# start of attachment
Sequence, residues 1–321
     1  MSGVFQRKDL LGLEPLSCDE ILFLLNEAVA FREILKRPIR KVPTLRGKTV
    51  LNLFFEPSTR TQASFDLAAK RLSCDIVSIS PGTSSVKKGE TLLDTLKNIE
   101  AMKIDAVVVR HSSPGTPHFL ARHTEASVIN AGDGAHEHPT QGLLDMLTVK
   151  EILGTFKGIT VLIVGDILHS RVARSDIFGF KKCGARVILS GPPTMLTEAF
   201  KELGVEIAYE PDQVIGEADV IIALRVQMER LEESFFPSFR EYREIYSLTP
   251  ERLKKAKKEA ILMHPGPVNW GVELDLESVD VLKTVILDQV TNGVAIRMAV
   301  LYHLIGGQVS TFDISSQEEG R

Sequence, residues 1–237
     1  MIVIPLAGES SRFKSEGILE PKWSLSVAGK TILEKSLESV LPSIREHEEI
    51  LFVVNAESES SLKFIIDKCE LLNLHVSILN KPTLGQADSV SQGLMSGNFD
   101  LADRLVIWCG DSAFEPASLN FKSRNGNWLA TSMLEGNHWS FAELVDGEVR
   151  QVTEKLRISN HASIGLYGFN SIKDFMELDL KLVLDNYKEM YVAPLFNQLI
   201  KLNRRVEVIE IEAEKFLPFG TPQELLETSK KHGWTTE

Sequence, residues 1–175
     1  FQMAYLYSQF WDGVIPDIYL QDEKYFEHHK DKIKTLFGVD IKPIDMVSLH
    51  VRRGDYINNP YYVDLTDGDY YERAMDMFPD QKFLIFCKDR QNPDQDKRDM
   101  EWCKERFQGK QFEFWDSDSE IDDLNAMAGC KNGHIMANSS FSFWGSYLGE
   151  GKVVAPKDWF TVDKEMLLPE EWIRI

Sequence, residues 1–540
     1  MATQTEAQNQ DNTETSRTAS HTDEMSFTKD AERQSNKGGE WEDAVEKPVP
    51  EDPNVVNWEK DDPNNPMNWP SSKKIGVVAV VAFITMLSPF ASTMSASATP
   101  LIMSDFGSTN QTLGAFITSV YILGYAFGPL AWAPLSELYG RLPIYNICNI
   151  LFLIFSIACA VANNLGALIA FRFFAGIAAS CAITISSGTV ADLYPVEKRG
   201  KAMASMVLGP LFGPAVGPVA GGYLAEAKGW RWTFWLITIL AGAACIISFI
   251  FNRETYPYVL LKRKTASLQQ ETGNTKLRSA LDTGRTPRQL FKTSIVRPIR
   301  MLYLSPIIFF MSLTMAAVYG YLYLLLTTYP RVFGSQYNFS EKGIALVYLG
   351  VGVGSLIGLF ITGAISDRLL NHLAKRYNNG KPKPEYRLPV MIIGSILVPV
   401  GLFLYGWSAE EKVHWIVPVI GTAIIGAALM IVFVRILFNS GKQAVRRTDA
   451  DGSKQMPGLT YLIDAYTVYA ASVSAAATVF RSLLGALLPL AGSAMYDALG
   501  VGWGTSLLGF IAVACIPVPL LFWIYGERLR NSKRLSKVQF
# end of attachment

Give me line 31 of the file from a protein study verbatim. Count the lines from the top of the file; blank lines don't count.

   501  VGWGTSLLGF IAVACIPVPL LFWIYGERLR NSKRLSKVQF